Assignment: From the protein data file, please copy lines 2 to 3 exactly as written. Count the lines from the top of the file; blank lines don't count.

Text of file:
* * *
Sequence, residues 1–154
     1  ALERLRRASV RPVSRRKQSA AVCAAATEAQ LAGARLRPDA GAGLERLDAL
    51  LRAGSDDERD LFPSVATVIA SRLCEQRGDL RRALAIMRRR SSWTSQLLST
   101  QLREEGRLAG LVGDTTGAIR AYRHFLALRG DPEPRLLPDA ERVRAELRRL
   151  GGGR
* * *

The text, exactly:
     1  ALERLRRASV RPVSRRKQSA AVCAAATEAQ LAGARLRPDA GAGLERLDAL
    51  LRAGSDDERD LFPSVATVIA SRLCEQRGDL RRALAIMRRR SSWTSQLLST